That’s how my friend titled an email to me Monday night, after hearing the news that Patrick Swayze lost his two-year fight against the disease. This just a day after my parents put on their big fundraiser to support research into early-detection tests and a cure.

Nobody Puts Pancreatic Cancer in the CornerThe event was a huge success. Well over 200 people walked the short route in perfect weather. Of course, it wasn’t the walking that was the point. It was the community and the fundraising. How much fundraising? By the end of the morning Sunday, the event had raised over $41,000 (USD) for the Lustgarten Foundation for pancreatic cancer research. And we’re still accepting donations (hint).

Nobody Puts Pancreatic Cancer in the CornerMy cousin Bonnie spoke before the walk began. She recently had a prophylactic pancreatectomy (translation: she had her pancreas removed before it was cancerous). After five years participating in the same study my dad’s a part of, doctors agreed her pancreas wasn’t looking good. She lives now as a diabetic; she looks and feels terrific.

One woman on the organizing committee had pancreatic cancer twenty-six years ago. She’s in great health, and she’s pretty awesome.

Nobody Puts Pancreatic Cancer in the CornerStill. The overwhelming majority of walkers were there because they’ve lost a loved one, a friend or a colleague. One woman, whose husband was recently diagnosed, asked my mom, “So many people are wearing cards in memory of someone, not in honour. Does anyone survive?”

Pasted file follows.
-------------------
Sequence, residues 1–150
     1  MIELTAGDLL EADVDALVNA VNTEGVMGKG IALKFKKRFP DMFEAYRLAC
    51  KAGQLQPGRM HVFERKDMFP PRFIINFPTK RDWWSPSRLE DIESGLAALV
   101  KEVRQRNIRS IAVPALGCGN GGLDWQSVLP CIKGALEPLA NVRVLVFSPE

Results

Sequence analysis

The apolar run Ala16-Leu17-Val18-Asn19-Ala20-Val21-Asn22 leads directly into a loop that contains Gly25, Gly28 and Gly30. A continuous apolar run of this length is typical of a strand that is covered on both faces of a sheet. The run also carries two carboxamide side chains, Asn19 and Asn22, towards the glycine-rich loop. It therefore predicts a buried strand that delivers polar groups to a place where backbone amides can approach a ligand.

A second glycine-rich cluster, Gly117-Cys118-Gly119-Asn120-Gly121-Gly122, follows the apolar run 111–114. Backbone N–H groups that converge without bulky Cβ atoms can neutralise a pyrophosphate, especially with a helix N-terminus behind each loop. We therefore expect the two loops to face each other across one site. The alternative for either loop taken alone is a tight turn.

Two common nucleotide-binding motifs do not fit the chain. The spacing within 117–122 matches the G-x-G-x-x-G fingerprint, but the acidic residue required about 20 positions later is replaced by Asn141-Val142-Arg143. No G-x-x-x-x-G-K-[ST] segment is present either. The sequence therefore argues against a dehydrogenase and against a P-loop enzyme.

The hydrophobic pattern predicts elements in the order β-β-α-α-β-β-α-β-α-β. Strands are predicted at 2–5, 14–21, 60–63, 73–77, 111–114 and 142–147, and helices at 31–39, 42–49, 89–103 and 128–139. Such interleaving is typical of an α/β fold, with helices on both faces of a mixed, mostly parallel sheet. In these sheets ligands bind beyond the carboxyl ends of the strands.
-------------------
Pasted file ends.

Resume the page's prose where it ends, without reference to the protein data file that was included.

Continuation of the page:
It’s not an easy question to answer. The answer itself is easy; it’s just not easy to say.

At the end of the event, on a high from the successes, I ran into an old high-school acquaintance. There are few people from my adolescence I’d be happy to randomly bump into, but she’s one of them. She looks just like she did fifteen years ago. Except it’s her dad who was recently diagnosed. I wish I’d bumped into her at a bar so we just could’ve had a pint and caught up. Instead, we skipped the small talk and went right into the thick of it – radiation treatments and prognoses. Her dad is a journalist, and he’s writing a blog about his daily life.

I’m so proud of my family and the community they’re a part of in the hometown I so often deride. There’s much work left to do, but they call it the Walk of Hope for good reason. My own spirits are bolstered, and it just feels good to face my fears with action.

Thank you. Thank you all so very much for your support in words and donations. You’ll hear from me about this again next year.

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